This is the awards show put on by the Hollywood Foreign Press Association, where you're supposed to get a clearer idea as to who will win Oscars soon. And while some things were cleared up (Get ready for best dramatic movie winner "The Revenant" to rev up its engines), others were not. (Brie Larson as best actress for "Room"? Well, maybe...)
Too much information to easily assimilate, but here are 10 observations to explain what the night was like. Where to start? (And where's my beer?).
The only reason to give a night of your life to watching a Golden Globes broadcast is to satisfy the suspicion that these decorative-people-in-makeup, sharing their tables with champagne buckets, are having a way better time than you are. Spoiler alert: They are. Decorum has never been a must-have-variable at the Globes, even when they used to be broadcast as part of the Andy Williams variety show in the 1960s. And yes, I see many quizzical frowns out there in Digital Land, so let's keep moving along...
KEEP IT MOVING
...which, by the way, seemed to be what Sunday night's ceremony was most concerned about. As soon as the winners got their trophies, they were being shooed off the stage, with the next presenters getting on stage before the last ones were done. Also, one continues to wonder why all the winners from TV had to walk from so far back of that crowded room. Yeah, it's all mostly about the movies and the big stars are down in front, but TV still has better ideas, richer stories and zippier buzz about its myriad product.
WHAT THE (BLEEP)?
Also: Did anybody notice that there were many more people -- Amy Schumer and Jennifer Lawrence among them -- having their words bleeped out on stage besides Ricky Gervais? Maybe the bit early on with Jonah Hill pretending to be the bear in "The Revenant" was a lot funnier than it came across, but the censors made sure you couldn't hear everything he said. As if it would have made a difference...
SEAN PENN JOKES
You could, on the other hand, hear most of what Gervais had to say; that is, in those relatively rare moments he was on camera. People on Twitter were taking bets on how many seconds it would take for him to make a Sean Penn-El Chapo joke. (Fifteen seconds into the opening monologue, some figured, though as with everything else about the show, it seemed a lot longer.)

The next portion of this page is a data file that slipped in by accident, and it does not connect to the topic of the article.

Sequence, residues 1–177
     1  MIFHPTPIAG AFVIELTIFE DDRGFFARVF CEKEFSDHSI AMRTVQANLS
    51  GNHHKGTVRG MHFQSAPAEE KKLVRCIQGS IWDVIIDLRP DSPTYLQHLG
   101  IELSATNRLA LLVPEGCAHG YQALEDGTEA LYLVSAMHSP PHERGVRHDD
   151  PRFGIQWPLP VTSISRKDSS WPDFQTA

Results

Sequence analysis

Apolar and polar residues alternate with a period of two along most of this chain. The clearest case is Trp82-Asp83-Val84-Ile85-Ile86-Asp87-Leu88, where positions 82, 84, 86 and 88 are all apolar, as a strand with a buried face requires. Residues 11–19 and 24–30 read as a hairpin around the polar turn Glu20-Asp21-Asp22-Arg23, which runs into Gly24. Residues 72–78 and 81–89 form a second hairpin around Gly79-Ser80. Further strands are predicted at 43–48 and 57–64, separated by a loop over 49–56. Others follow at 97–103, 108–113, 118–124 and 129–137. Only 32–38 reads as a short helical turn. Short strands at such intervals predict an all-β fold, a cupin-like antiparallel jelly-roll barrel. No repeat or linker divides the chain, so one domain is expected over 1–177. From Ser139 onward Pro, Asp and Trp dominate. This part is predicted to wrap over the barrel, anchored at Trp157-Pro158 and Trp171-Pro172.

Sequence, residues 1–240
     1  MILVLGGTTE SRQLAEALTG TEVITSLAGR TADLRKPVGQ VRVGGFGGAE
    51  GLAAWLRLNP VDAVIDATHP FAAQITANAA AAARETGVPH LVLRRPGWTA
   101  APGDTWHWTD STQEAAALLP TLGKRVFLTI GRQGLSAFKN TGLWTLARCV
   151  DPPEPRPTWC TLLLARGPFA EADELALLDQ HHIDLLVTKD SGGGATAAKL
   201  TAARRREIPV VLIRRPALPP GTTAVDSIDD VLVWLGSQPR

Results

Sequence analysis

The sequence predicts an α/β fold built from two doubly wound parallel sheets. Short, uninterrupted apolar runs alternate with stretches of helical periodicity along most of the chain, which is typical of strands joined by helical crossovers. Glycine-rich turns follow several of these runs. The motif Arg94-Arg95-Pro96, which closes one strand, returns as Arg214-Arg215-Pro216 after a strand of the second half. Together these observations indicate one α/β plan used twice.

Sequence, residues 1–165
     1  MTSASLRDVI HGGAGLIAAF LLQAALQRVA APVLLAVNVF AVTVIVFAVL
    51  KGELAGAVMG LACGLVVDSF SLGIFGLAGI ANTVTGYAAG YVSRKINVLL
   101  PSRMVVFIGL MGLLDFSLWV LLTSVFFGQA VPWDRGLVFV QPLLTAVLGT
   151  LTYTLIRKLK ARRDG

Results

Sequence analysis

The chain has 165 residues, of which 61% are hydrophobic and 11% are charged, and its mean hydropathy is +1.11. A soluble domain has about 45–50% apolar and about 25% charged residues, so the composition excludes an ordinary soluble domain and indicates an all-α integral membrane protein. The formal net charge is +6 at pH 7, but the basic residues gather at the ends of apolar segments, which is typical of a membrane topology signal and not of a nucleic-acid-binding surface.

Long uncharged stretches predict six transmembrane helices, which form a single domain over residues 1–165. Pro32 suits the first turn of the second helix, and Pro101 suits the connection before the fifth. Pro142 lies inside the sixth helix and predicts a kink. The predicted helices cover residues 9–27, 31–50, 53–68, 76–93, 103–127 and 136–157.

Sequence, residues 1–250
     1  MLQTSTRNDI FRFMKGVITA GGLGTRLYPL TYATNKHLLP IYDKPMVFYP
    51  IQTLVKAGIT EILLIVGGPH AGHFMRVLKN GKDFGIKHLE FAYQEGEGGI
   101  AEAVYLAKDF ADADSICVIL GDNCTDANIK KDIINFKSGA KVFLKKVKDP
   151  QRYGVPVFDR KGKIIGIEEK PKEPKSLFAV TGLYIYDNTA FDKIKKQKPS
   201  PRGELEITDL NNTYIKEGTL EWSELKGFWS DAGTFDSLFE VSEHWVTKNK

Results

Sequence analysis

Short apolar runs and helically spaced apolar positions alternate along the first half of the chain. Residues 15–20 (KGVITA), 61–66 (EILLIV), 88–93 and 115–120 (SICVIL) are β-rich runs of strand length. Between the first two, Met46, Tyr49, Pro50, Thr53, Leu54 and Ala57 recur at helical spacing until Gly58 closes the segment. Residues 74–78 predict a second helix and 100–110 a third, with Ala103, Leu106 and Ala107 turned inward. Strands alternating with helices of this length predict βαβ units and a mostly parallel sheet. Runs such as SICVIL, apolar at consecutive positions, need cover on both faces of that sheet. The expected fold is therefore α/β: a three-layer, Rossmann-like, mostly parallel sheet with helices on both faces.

Yet Gervais' trademark misanthropy, which was part of the advance hype, seemed, well, more trademarked and less scabrous than provocative ... except for that one line introducing Globe winner Matt Damon as "the only person Ben Affleck hasn't been unfaithful to." Damon laughed so hard, he almost flubbed the introduction to "The Martian." It's a party. The bar's still open.
HERE YOU GO
Wait. You really want to hear the Sean Penn joke? (Sigh.) Fine. Gervais: "I want to do this monologue and then go into hiding, OK? Not even Sean Penn will find me." Beat...Beat..."Snitch."
TAKE THAT, STEREOTYPES
But enough about Ricky (for now). How about Eva Longoria and America Ferrera applying the crisp smack down on Latin stereotyping by deliberately misidentifying themselves and other Latina stars for the benefit of those who insist on thinking of "ethnic' performers as being more or less indistinguishable. (Sorry, Eva, but Ferrera's new show is still better than yours.) They were among the few on stage or in the audience who seemed to know exactly what they wanted to say and how to say it. Otherwise presenters seemed to fumble and stumble through their assigned or prepared readings.
DENZEL'S JUST LIKE THE REST OF US
Even so, anyone needing more proof of Cecil B. DeMille Award winner Denzel Washington's peerless ability to transcend even the least promising circumstances need only observe his compellingly unaffected effort to grope for his reading glasses to read a speech he couldn't remember. Meanwhile, his family members who had joined him on stage as he accepted the award acted as if they were at home trying to get dad to focus on carving the turkey. Unexpected joy.
DIDN'T SEE THAT COMING
And speaking of "unexpected," did anybody have Kate Winslet, "Mozart in the Jungle," Lady Gaga, Gael Garcia Bernal or Christian Slater penciled in as winners in their respective categories? And did anybody expect "The Martian" to win for best comedy or musical? No. You know why? BECAUSE "THE MARTIAN" IS NOT A MUSICAL OR A COMEDY AND SHOULD HAVE BEEN NOMINATED FOR SOMETHING ELSE, THAT'S WHY? This was hardly a novel suggestion since other pundits said the same thing about Ridley Scott's science fiction survival epic.
Gervais made several gibes about it throughout the evening; though none of those gibes will be remembered as vividly as his friendly-malicious give-and-take with Mel Gibson in which Gervais joked about Gibson's alcohol problems and Gibson responded by claiming to regard his encounters with Gervais as reminders that he needs a colonoscopy.
As for what Gervais said in response, well, we didn't hear it all because it was blanked out by the tape-delay wizards. Somehow, though, the censors missed that end-of-the-show crack by Gervais: "Mel Gibson and I wish everybody 'Shalom.'"
Anybody who doesn't think either winners Leonardo DiCaprio (best actor, drama, for "The Revenant") or Sylvester Stallone (best supporting actor, for "Creed") will win Oscars in another couple months is as dumb as Ricky Gervais thinks I am for having watched the whole show to the end. Why? Eleven words: Both got standing ovations in a room full of Academy members.
I wish I could say more, and I'm sorry to rush to the end, but the music's forcing me to hurry the (blankety-blank) up. Bottoms up, fellow losers!